Accordingly, an object of the present invention is to provide an optical film with a pattern formed by applying a photosensitive composition to the surface of a transparent film, which demonstrates retardation of 30 nm or less, has a deflection temperature under load (hereinafter abbreviated to DTUL) of 100° C. or higher, a transmittance in the visible light region of 85% or higher, and a refractive index in the range of 1.45-1.59, and by irradiating the photosensitive composition.
Other objects, features and advantages of the invention will hereinafter become more readily apparent from the following description.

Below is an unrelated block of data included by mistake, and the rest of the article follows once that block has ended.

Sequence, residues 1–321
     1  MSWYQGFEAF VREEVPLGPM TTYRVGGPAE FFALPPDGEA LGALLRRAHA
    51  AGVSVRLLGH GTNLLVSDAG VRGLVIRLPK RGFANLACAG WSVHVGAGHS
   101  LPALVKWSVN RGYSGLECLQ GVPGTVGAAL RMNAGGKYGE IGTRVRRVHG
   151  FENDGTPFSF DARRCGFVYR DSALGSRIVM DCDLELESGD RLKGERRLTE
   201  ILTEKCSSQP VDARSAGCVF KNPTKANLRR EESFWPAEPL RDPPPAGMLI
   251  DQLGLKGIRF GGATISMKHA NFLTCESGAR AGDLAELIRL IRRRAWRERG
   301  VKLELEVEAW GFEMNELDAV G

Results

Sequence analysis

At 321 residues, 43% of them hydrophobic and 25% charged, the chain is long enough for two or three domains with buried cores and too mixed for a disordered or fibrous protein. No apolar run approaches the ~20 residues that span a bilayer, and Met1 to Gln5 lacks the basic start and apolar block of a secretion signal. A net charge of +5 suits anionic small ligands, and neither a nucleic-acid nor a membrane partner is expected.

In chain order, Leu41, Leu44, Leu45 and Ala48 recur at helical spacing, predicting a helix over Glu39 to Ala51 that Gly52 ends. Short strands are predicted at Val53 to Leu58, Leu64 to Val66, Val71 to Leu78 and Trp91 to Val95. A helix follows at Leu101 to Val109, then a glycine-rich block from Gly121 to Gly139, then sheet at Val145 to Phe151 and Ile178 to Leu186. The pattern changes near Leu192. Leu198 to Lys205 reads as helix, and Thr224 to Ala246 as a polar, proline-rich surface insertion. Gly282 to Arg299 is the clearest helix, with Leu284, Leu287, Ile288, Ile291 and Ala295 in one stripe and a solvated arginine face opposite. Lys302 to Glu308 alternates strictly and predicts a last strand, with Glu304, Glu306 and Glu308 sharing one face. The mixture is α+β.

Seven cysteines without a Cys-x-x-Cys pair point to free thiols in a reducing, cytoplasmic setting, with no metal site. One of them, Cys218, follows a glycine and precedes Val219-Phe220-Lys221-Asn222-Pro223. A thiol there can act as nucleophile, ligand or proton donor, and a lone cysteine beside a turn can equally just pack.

The transparent film used in the present invention has a retardation of 30 nm or less, and preferably 10 nm or less. An excellent image quality with small errors and distortions can be obtained due to the low retardation. Further, the transparent film used in the present invention has a DTUL of 100° C. or higher, and preferably 120° C. or higher. The high DTUL results in high heat resistance and ensures the excellent image quality to be maintained when used for a long period of time at high temperatures. The transmittance in the visible light region of the transparent film of the present invention is 85% or higher, and preferably 90% or higher. A distinct and excellent image quality can be ensured by the high transmittance in visible light. Furthermore, the transparent film used in the present invention has a refractive index of 1.45-1.59. By limiting the refractive index to this range the difference between the refractive index of this film and that of a gelatin or acrylic photosensitive composition used with the film can be kept small. Therefore, the undesirable phenomena such as reflections due to the difference in the refractive indices seldom occur at their interface. Thus, excellent image quality can be produced.